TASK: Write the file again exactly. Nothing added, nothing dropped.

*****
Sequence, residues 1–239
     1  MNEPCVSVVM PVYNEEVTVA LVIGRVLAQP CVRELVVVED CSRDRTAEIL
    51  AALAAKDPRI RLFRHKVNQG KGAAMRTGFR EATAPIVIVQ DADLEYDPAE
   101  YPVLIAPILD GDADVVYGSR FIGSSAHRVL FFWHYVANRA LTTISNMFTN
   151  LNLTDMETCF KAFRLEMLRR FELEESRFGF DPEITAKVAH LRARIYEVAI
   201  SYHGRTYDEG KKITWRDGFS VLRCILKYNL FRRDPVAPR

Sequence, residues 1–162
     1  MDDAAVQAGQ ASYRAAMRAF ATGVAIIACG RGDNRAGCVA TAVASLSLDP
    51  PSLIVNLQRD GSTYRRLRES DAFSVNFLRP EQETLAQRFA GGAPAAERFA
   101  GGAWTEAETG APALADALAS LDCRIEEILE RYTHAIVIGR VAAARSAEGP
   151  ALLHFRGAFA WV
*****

Sequence, residues 1–239
     1  MNEPCVSVVM PVYNEEVTVA LVIGRVLAQP CVRELVVVED CSRDRTAEIL
    51  AALAAKDPRI RLFRHKVNQG KGAAMRTGFR EATAPIVIVQ DADLEYDPAE
   101  YPVLIAPILD GDADVVYGSR FIGSSAHRVL FFWHYVANRA LTTISNMFTN
   151  LNLTDMETCF KAFRLEMLRR FELEESRFGF DPEITAKVAH LRARIYEVAI
   201  SYHGRTYDEG KKITWRDGFS VLRCILKYNL FRRDPVAPR

Sequence, residues 1–162
     1  MDDAAVQAGQ ASYRAAMRAF ATGVAIIACG RGDNRAGCVA TAVASLSLDP
    51  PSLIVNLQRD GSTYRRLRES DAFSVNFLRP EQETLAQRFA GGAPAAERFA
   101  GGAWTEAETG APALADALAS LDCRIEEILE RYTHAIVIGR VAAARSAEGP
   151  ALLHFRGAFA WV